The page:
Weeks ago, the United States was shocked to learn about the passing of Associate Supreme Court Justice Antonin Scalia. Despised by some, loved by many, Scalia never shied away from controversy. While I personally disagree with what he said on most issues, I and many Americans respected Justice Scalia for his dedication to the institution he served, and the eloquence he brought to Court decisions.
What many people don’t know about the former justice is that Cleveland held a special place in Justice Scalia’s life. He started his long legal career in Cleveland, working for world renowned firm Jones Day in the real estate and anti-trust division. He came to Cleveland, started his practice in 1961, and focused on homes and protecting people. He did not focus on limiting Presidential Power; he did not focus on the legality of the Environmental Protection Agency’s new emissions standards or the right to marry. He was just a young lawyer getting experience, and from the beginning of his career in Cleveland he stood by his personal views, and used his superior intellect to engage in debates with friends and colleges.
His loyalty to the original jurisprudence cause (a legal view that the Constitution should be interpreted as the founders/authors would have at the time the document was written rather than viewing the constitution as a living document that changes with the times) drew praise from conservatives throughout the legal world; however, even I agree that the consistency in his opinions and dissents ensured that his impact on the Court was enormous. He was first and foremost a Constitutionalist who had a commitment to limiting the power of the government and ensuring the separation of power was fair. To implement his views into policy, he refused to compromise and build alliances, preferring to state his views of the law and what was right through his world famous dissents. His dissents made the opinions stronger and more concrete, and his opinions helped to make the law stronger and clearer. Even his colleague, Liberal Justice Elena Kagan, the newest member of the Court, praised him by stating, “He is the justice who has had the most important impact over the years on how we think and talk about law.” These dissents forced justices to make argument based off of constitutional literature and precedent, and scolded conservative friends who ignored text and the original interpretation of the Constitution, which overall made the quality of the Court’s work better and the law clear.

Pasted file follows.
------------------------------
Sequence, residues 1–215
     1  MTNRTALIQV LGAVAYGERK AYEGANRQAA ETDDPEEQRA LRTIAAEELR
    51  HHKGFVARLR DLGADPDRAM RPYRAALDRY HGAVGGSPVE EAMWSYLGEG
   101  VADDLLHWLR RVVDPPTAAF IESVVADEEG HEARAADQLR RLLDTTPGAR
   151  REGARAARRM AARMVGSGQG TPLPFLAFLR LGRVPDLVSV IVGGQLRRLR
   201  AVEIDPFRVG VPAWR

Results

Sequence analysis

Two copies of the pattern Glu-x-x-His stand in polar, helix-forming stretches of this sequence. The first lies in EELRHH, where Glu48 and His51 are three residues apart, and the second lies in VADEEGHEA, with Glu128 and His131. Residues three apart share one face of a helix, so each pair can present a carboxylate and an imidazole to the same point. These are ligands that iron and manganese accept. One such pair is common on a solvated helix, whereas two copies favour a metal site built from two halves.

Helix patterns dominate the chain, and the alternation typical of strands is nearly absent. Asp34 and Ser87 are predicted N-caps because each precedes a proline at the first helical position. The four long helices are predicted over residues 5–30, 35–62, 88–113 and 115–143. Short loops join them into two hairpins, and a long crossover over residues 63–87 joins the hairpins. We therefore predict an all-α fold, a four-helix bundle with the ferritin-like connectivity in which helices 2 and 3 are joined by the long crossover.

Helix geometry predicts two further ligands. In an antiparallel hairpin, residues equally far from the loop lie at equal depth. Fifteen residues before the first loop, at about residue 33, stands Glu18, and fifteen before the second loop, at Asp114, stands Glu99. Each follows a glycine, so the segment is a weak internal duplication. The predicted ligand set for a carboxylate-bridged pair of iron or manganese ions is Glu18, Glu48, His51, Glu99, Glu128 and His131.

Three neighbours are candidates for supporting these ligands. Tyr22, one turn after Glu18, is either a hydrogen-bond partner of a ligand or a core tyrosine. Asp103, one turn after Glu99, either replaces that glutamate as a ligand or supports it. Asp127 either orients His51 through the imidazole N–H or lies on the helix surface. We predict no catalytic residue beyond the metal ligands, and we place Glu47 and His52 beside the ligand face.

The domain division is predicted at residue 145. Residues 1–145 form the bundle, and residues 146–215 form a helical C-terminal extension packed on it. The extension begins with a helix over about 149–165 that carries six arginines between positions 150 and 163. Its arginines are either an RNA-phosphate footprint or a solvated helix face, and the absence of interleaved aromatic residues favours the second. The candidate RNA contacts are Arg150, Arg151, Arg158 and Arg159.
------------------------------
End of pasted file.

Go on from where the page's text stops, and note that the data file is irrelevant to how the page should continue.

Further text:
He angered many people with his opinions, and personally caused me great frustration with his dissent in Obergefell v. Hodges (the Supreme Court Case that held that the fundamental right to marry is guaranteed to same-sex couples by the Constitution) when it seemed that the Court could have voted either way. He famously wrote that he believed that Brown v. Board of Education was correctly decided even when most would have voted the other way because the 14th amendment was not intended to remove school segregation. Despite his often frustrating views, he gave opinions on former cases which showed that he voted for what he believed was best for the country. His opinions have forever shaped America, and he will continue to be known throughout this country as “a legal titian” who never lost his ability to articulate the fundamentalist doctrine that he championed for the past several decades.
Now, we as a country look past what Mr. Scalia did and the opinions he authored, and move toward what we think will be a long battle to fill his seat. It is sad that a country so rooted in law and justice will choose to politicize an institution that Mr. Scalia worked so hard to remove from the spotlight. My only hope is that the President and the Senate will be able to fulfil their constitutional mandate and ensure that the Supreme Court of the United States of America does not change from the foundation of American Jurisprudence to a political house full of political appointments.